Alireza Rahimi, a pro-democratic reform MP, said on cloud-based messaging service Telegram that 4,972 Iranians were arrested and 492 remain in custody, with the rest having been released. The majority of those arrested were men, Rahimi added.
The Iranian judiciary added to Rahimi's claim, telling the Iranian Labor News Agency that it wasn't clear how many of those arrests were directly linked to the protests.
In addition to those arrests, an estimated 21 to 25 people were killed during the protests. The Guardian reported at least two protesters were killed with hunting rifles by police, and the US-backed Radio Farda said five protesters died in a Tehran prison under police custody.
One of the protesters killed in prison, Sina Ghanbari, allegedly committed suicide, according to law enforcement. Rahimi, who viewed the footage of Ghanbari's death, disputed the claim, saying that he was killed by his guards.
The protests began on December 28 against the economic woes of working-class Iranians in the nation's second-largest city of Mashhad. The demonstrations went from economic to political in tone as they spread like wildfire across Iran, with protests in 1,200 towns and cities on December 30.
The protests died down in mid-January, but continue into February as a smaller women's movement against mandatory-hijab laws. At least 29 women have been arrested in Tehran for removing their headscarves in protest.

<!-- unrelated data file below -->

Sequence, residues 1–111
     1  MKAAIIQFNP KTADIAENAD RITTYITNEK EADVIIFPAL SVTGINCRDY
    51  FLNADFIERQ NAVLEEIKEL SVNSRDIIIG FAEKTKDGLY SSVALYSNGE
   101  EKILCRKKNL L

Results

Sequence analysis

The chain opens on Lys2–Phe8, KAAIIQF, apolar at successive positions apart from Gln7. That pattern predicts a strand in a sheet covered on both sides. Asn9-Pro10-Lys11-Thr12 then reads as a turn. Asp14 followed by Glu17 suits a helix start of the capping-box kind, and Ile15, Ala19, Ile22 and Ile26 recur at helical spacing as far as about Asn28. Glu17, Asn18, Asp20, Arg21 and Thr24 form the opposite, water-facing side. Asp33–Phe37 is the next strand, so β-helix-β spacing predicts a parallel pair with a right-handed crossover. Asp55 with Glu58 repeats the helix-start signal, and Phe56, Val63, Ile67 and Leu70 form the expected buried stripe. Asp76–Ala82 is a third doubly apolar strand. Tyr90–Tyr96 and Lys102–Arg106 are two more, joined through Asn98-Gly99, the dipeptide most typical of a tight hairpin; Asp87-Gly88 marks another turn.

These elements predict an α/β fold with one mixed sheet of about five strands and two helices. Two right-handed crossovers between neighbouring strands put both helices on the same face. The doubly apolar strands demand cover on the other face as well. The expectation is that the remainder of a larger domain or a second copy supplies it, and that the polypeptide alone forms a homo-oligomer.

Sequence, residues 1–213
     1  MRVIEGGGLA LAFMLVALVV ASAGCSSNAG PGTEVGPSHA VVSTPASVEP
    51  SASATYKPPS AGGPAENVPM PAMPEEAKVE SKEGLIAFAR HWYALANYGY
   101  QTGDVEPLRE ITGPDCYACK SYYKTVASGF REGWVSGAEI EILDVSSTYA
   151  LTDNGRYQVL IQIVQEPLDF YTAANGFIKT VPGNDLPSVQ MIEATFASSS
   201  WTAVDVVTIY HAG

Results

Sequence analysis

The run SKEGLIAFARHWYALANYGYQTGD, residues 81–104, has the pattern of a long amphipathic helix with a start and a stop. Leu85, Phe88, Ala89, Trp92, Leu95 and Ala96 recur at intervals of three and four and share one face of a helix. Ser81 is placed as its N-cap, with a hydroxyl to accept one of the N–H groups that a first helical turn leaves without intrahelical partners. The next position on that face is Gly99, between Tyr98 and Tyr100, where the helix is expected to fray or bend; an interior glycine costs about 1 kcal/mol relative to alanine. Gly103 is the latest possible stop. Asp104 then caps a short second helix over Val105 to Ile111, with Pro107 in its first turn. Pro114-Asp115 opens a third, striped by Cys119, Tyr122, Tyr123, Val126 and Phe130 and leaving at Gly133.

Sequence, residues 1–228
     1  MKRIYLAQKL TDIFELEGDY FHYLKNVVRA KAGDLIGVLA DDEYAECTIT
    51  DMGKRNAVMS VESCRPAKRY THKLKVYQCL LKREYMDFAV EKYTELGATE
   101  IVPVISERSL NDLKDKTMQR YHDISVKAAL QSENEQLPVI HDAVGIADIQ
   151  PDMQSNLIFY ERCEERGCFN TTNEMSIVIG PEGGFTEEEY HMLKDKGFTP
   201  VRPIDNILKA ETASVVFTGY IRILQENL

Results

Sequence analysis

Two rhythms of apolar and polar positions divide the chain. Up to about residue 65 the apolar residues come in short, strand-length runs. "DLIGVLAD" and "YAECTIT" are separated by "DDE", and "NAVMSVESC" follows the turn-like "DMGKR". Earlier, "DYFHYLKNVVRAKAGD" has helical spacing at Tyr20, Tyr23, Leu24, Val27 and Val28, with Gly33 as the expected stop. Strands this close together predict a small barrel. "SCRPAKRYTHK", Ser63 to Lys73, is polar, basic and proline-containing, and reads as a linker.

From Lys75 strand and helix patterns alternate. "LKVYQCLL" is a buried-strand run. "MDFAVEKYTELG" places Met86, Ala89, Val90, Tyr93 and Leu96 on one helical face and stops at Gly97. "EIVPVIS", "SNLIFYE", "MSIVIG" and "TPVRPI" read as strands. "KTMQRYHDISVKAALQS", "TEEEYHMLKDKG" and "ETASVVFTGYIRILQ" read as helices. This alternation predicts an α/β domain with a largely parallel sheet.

Since the ascension of Hassan Rouhani to the presidency of Iran in 2013, the Islamic Republic has taken a more internationalist approach and enacted some social reforms, such as the loosening of the long-standing hijab laws.
Rouhani's political opponents, as well as Supreme Leader Ayatollah Ali Khamenei, who has had a strained relationship with the more liberal president, blamed the protests on his economic reforms and sabotage from foreign actors.
"In the events of the past few days, the enemies of Iran are deploying every means at their disposal including money, arms and political and intelligence support to coordinate making troubles for the Islamic establishment," Khamenei said in his first public remarks on the protests on January 2.
"It would be a misrepresentation [of the protests] and also an insult to Iranian people to say [the protesters] only had economic demands," Rouhani replied on January 8. "One cannot force one's lifestyle on the future generations… The problem is that we want two generations after us to live the way we like them to."